Here’s what happens if you ‘force’ them (persuade/convince/cajole etc.) not to use their idea, but to use yours instead. They’ll succeed (maybe), but their idea will still exist in the back of their head. They won’t truly believe that their idea was wrong, all they’ll have learnt is that your idea didn’t fail… this time.
Affordable failures are priceless opportunities.
Good tasks begin, and end, with ‘Why’
The first question we learn is “Why?” and regardless of how long we live, we’ll never stray far from asking it. From cradle to grave it’s the question that drives us forward. It’s how we determine how the world works, our place in it, the importance of everything around us, how things relate to each other and even the meaning of life – if any. It’s no less important in the task of delegating work.
There’s a line of thought that argues employees don’t need reasons, they just need direction. That a manager’s role is not to explain the importance of a task – just to assign it. In my experience, both as the giver and taker of work, we need both reason and direction. If we’re expected to show any degree of initiative, then knowing the ‘whys’ of any task is crucial.
It’s my Task! Not yours!
Talking about how to delegate is all very good, but it begs an often unasked question,
“Why do some Managers avoid delegating?”
Let’s tackle some of the easy reasons first.
I’ll be touching on delegating all this week, think of the next five posts as a set piece.
Why focus so much time on delegating? Because it’s Management’s primary tool for doing what we do. If we can do this ‘right’, then to a large degree we’re doing ‘management’ right.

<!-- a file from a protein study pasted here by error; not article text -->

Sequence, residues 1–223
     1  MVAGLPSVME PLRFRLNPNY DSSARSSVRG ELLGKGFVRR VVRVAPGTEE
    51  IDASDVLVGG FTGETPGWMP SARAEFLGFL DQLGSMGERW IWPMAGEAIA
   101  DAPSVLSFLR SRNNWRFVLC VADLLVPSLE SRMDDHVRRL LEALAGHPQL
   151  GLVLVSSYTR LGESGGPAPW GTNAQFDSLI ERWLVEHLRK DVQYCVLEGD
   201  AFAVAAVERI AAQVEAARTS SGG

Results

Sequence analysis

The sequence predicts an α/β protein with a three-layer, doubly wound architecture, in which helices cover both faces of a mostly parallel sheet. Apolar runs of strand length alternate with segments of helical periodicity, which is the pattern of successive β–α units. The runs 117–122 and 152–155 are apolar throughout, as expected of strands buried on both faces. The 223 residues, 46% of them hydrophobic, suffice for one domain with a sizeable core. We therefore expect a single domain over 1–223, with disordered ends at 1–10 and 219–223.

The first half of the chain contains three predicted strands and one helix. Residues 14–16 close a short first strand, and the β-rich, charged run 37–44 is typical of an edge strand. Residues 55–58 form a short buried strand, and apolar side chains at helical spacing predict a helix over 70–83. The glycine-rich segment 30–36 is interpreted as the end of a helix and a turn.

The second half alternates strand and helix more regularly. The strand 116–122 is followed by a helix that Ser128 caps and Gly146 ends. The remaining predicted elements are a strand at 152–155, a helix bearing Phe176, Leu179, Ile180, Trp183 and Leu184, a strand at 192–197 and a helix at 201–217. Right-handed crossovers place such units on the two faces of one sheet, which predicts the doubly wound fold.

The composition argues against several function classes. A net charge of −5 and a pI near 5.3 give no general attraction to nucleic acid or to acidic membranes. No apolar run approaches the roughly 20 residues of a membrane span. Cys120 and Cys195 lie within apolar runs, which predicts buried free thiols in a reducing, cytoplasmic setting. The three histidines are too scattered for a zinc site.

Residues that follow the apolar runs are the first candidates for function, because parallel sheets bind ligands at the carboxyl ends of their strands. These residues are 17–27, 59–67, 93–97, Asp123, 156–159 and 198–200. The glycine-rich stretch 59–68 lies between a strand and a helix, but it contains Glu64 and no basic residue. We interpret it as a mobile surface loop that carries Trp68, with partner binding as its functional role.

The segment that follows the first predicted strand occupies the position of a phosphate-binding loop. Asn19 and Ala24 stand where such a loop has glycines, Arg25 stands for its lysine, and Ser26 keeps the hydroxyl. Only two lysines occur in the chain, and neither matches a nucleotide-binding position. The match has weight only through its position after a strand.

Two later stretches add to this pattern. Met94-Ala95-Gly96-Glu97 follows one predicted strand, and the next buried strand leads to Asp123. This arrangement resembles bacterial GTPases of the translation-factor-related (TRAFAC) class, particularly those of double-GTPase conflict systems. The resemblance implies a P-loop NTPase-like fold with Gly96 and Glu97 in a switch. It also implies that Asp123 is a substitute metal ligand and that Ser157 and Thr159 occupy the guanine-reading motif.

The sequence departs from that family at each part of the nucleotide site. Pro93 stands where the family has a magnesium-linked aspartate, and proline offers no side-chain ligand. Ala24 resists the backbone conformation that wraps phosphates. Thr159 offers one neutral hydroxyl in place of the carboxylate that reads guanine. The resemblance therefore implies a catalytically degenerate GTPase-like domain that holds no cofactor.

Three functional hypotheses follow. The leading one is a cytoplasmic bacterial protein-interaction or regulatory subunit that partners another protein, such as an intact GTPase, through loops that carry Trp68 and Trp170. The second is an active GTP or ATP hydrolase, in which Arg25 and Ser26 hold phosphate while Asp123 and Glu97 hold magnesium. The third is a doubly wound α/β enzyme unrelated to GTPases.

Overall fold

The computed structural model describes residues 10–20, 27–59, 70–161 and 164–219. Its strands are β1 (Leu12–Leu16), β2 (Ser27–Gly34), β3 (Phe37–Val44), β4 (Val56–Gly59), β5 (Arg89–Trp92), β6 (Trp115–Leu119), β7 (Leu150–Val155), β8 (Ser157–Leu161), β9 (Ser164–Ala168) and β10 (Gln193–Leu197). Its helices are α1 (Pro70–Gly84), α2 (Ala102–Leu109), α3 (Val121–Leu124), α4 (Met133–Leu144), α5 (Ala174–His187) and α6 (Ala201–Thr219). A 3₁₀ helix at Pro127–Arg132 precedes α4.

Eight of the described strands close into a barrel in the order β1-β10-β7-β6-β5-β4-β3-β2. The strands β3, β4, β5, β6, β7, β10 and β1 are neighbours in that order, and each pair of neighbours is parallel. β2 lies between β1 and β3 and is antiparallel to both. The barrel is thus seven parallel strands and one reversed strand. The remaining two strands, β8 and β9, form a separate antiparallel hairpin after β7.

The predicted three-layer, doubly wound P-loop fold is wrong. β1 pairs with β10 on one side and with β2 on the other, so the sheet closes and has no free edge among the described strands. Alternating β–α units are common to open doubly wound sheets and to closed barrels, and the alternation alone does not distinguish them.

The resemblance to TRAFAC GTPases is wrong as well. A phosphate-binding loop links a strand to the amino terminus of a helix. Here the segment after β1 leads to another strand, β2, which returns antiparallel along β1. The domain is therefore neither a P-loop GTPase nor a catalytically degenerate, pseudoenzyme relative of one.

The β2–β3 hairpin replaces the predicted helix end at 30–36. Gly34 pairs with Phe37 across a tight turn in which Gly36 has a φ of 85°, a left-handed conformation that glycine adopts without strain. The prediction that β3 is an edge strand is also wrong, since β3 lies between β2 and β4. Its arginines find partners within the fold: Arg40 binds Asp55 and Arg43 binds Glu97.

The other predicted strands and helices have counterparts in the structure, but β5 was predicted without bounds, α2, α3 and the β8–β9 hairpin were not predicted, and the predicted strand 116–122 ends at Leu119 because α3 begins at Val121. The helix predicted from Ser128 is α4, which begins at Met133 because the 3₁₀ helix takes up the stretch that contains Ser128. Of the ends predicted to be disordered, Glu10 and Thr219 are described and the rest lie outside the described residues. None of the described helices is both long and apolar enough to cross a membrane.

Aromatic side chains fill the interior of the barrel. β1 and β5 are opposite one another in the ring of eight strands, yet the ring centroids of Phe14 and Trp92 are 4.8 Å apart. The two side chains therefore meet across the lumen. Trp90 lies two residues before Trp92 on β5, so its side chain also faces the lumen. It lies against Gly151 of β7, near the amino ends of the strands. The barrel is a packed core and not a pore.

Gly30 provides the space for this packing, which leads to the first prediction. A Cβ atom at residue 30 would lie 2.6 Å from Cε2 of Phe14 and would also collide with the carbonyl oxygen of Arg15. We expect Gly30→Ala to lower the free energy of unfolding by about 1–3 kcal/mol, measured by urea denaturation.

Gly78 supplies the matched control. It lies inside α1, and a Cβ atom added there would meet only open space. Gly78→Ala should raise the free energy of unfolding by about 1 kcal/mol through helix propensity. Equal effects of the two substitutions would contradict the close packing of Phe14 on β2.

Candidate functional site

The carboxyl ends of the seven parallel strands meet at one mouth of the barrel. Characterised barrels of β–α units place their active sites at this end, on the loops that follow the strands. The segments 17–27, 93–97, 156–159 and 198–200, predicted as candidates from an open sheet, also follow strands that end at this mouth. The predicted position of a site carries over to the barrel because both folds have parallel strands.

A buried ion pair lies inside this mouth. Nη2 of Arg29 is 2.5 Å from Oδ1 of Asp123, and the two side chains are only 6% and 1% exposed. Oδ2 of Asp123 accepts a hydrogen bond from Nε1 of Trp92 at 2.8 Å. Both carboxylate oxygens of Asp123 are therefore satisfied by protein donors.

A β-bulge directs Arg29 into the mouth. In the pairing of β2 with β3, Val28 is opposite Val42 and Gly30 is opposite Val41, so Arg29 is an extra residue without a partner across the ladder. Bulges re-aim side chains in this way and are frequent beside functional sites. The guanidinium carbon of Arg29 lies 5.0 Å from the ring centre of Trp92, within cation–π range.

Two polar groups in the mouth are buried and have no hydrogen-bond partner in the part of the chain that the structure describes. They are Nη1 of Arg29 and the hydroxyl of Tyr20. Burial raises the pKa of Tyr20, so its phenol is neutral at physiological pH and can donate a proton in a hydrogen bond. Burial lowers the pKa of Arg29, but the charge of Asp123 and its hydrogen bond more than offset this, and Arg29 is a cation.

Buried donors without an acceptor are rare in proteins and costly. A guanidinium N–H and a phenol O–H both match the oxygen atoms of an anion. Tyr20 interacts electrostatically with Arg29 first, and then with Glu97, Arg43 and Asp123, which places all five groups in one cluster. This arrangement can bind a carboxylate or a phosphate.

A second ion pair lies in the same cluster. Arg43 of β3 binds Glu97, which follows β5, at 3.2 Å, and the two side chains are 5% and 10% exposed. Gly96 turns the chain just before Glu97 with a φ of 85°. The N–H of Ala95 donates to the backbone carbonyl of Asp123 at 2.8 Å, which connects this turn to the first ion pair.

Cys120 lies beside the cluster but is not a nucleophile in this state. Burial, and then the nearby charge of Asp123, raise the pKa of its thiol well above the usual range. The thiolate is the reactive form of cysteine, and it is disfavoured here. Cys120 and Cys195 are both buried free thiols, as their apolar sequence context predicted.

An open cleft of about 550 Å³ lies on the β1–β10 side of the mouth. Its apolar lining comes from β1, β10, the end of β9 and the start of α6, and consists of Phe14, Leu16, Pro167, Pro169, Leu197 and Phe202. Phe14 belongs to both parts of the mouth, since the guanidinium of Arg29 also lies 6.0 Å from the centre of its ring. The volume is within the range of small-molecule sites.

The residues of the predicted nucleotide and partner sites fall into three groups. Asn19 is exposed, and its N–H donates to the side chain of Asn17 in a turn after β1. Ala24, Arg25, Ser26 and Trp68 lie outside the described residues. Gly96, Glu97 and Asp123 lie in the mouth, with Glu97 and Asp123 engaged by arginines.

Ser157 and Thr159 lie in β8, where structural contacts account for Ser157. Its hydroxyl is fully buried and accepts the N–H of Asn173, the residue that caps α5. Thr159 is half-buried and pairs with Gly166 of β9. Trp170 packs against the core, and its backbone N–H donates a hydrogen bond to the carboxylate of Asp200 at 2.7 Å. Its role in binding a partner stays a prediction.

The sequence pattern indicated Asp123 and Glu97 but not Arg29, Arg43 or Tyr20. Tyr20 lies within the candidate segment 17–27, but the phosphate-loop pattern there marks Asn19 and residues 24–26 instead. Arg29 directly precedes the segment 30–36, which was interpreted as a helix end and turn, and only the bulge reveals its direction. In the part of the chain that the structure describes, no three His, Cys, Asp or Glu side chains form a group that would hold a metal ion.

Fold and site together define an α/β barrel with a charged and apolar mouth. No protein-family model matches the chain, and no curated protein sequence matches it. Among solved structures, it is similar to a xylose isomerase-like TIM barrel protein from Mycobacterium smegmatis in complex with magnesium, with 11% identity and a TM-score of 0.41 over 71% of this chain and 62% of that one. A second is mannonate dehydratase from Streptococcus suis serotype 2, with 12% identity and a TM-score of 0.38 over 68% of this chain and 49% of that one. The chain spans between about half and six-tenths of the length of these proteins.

As managers we leverage the actions and abilities of others. That seems obvious, or at least it should be obvious. If I have people reporting to me, that means they rely on me for direction, and guidance in the form of both positive and negative feedback. They also rely on me for training, growth and advancement. These are my foremost responsibilities. I can take on additional tasks only to the extent that they don’t interfere with these responsibilities.
Once upon a time, in a land far far away, there was this young, newly appointed manager. He was bright, intelligent and an excellent problem solver. In fact he was twice as good at solving problems than any of his six staff – that frustrated him. He could not rely on them to do the work as well as he could.
Because he was so much better at solving problems than his employees (and he was indeed better. He was faster, more effective and what he fixed? Stayed fixed!) he attempted to solve all the problems in his department by himself. He micromanaged everything. He was swamped. No matter how fast he ran from crisis to crisis there were more problems than he could solve on his own no matter how many hours he worked. (more…)